Albert Edwards, global strategist at Société Générale, this week cautioned that the moment of reckoning for stocks is near and investors should stop buying into the fantasy of a robust economy as a recession is lurking right around the corner.
The stock market, he said, “truly has drunk the strong economy Kool-Aid.”
That warning comes as the Federal Reserve is all but certain to raise the benchmark interest rate when the Federal Open Market Committee meets next week. And as the central bank maintains a hawkish stance, investors are wondering how high Treasury yields can go before the stock market’s red hot rally hits a wall.
Rumor and supposition (unsupported by the actual historical data) suggests that once the 10-year note starts yielding more than 3%, appetite for stocks tends to taper.
But for Edwards, the market is already on precarious footing and it has only mere months to go before everything falls apart.
The strategist — who has doggedly warned that the central banks’ easy-money policies since the 2008 financial crisis have created a giant bubble that would eventually plunge the global markets into a financial ice age — believes 2018 is looking a lot like 2007.
“The economic data looked just as strong back in June 2007 and only a few mavericks had figured out a recession was on the way,” Edwards told MarketWatch.
If history repeats itself, which he seems to think it will, the selloff in stocks will be triggered by rising yields on the back of improving economic data even as expectations for inflation remains muted.
“Then, like now, enthusiasm on U.S. growth was reaching its heady climax,” he wrote in a note to clients.
And although the famed perma-bear himself declined to predict a specific number that could trigger a market collapse, he cited research from his colleague Stephanie Aymes who projected selling pressure to accelerate when the 10-year Treasury yield nears 3.05%, a level that was recently breached.
“The Citi Economic Surprise Index for the U.S. had slumped back towards zero. That convergence of expectations with the data normally means yields should have continued to paddle sideways around 2.8% — and yet we have seen this dramatic rise,” he said.
The yield on the 10-year note moved above the closely watched 3% mark on Monday with upward pressure expected to steadily build as the Fed continues to tighten the monetary policy on a booming economy. The central bank is widely expected to hike the federal-funds rate, currently at 1.75% to 2%, by 25 basis points when the FOMC convenes its two-day meeting on Sept. 25.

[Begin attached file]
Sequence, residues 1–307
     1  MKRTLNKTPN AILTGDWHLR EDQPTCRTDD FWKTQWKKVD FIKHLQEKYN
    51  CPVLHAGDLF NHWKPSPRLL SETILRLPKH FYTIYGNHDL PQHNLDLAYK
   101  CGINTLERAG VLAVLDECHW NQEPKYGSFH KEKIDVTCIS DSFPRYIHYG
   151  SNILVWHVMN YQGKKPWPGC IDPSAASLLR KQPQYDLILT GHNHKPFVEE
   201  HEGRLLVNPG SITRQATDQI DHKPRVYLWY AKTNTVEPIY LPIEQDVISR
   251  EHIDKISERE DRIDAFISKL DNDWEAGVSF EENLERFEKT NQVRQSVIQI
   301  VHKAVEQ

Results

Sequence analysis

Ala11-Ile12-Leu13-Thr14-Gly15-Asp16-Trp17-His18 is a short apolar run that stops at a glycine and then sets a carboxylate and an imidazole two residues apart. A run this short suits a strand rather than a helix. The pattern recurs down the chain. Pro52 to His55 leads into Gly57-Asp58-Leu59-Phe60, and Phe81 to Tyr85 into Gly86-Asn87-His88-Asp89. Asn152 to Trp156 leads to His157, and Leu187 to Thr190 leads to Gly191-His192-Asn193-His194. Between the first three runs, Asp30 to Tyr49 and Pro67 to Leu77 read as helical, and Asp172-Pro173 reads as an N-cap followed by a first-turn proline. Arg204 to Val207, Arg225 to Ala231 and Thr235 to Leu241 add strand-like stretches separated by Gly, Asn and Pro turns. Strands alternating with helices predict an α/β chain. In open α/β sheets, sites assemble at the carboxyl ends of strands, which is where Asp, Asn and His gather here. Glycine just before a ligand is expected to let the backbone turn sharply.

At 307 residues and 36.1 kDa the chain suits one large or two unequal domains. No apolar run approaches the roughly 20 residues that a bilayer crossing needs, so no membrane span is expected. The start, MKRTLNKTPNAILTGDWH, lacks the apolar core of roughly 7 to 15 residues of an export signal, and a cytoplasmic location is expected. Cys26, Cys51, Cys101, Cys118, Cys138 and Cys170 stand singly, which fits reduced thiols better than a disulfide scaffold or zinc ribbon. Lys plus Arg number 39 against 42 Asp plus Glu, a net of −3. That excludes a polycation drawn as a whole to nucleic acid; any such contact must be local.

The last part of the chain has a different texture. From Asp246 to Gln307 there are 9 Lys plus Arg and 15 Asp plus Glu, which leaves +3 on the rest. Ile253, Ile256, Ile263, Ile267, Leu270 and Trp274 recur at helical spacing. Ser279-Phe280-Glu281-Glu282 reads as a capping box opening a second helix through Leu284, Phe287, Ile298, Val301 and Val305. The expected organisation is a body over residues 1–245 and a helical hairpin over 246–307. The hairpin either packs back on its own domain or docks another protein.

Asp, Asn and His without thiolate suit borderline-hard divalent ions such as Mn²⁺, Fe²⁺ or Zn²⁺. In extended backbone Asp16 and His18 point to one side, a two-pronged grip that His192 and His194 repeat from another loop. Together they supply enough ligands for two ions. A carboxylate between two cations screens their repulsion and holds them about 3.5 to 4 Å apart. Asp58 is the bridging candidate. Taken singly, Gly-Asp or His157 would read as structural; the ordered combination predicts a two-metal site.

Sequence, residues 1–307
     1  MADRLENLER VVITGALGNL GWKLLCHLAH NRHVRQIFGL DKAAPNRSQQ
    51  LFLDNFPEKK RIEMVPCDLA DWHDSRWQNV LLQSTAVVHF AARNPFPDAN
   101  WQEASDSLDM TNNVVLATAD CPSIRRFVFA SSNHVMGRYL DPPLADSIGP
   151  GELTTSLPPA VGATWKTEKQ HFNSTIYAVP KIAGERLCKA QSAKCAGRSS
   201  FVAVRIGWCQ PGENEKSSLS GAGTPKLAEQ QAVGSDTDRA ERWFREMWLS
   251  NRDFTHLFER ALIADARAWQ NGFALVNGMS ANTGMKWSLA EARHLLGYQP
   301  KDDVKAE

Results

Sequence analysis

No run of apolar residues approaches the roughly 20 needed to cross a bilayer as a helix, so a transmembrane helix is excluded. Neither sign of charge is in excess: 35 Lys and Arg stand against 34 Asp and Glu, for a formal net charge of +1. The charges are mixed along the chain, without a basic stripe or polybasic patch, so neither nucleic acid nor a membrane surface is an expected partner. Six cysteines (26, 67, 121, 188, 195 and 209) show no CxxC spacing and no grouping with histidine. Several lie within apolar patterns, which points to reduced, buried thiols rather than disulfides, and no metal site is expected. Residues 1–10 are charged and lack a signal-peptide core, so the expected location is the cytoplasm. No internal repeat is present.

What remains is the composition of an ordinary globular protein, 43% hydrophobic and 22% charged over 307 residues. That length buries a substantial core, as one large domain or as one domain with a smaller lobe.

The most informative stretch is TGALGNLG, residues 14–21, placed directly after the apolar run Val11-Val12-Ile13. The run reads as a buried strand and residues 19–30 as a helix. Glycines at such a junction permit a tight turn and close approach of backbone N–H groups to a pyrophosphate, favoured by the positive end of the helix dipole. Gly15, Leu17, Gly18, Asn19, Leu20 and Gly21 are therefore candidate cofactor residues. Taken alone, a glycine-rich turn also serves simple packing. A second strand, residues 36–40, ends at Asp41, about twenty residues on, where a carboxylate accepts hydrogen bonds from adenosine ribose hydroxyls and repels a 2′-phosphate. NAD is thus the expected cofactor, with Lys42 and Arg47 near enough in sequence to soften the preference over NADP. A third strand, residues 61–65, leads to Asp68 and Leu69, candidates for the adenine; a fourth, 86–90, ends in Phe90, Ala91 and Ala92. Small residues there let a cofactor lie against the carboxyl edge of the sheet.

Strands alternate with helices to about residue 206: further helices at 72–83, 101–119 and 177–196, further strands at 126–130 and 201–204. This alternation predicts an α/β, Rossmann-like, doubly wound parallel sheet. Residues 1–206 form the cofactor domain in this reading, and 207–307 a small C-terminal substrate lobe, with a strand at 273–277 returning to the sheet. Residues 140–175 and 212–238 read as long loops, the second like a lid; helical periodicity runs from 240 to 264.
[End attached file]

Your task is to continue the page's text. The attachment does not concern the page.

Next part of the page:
Edwards’s bearish outlook rings hollow at a time when the U.S. economy is prospering and corporate earnings are growing by double digits. Yet, his references to a looming recession may not be as outlandish as it seems given concerns about an inverted yield curve where long-term yields such as the 10-year Treasury yield fall below their shorter-term peers. This inversion typically happens when confidence in the economy is weak and is viewed as a harbinger of doom as it has preceded every U.S. recession over the past six decades.
A number of strategists expect the 10-year/2-year yield curve to flip some time next year with Oliver Jones, a markets economist at Capital Economic, projecting an inversion in early 2019.
The 10-year yield traded at 3.06% and the 2-year hit 2.80% Friday, a mere spread of 26 basis points.
In contrast to Edwards, Tom Lee, managing partner at Fundstrat Global Advisor, said stocks should remain largely immune to the adverse impact of higher rates until the 10-year tests 4% which is where price to earnings ratio starts to feel pressure.
“A sustained rise in rates has the biggest effect on growth versus value [stocks], favoring value,” he said.
Meanwhile, most fund managers surveyed by Bank of America Merrill Lynch said that 3.6% is the “magic number” that would make them rotate away from stocks into bonds.
The central bank has telegraphed four interest-rate hikes this year or one each quarter, with the markets penciling in another increase in December after this month.
However, mounting friction between the U.S. and China could result in a more cautious message from the central bank, according to Bricklin Dwyer, U.S. senior economist at BNP Paribas.
“We expect a discussion of the ‘downside risks’ to growth and ‘upside risks’ to inflation posed by these trade policy changes in both Chair Powell’s press conference and the subsequent minutes of the meeting,” said Dwyer in a note.
President Donald Trump on Monday announced new tariffs on about $200 billion in Chinese goods and threatened additional penalties as part of his effort to force trading partners to offer more advantageous terms.
In response, China retaliated with tariffs of 5% to 10% on $60 billion worth of U.S. products that will take effect Sept. 24 and said it may introduce more measures if the U.S. goes ahead with higher tariffs.
Stocks, however, mostly shrugged off heightened tensions with the S&P 500 index up 0.9% and the Dow Jones Industrial Average rallying 2.3% for the week. The Nasdaq bucked the trend for a weekly loss of 0.3%.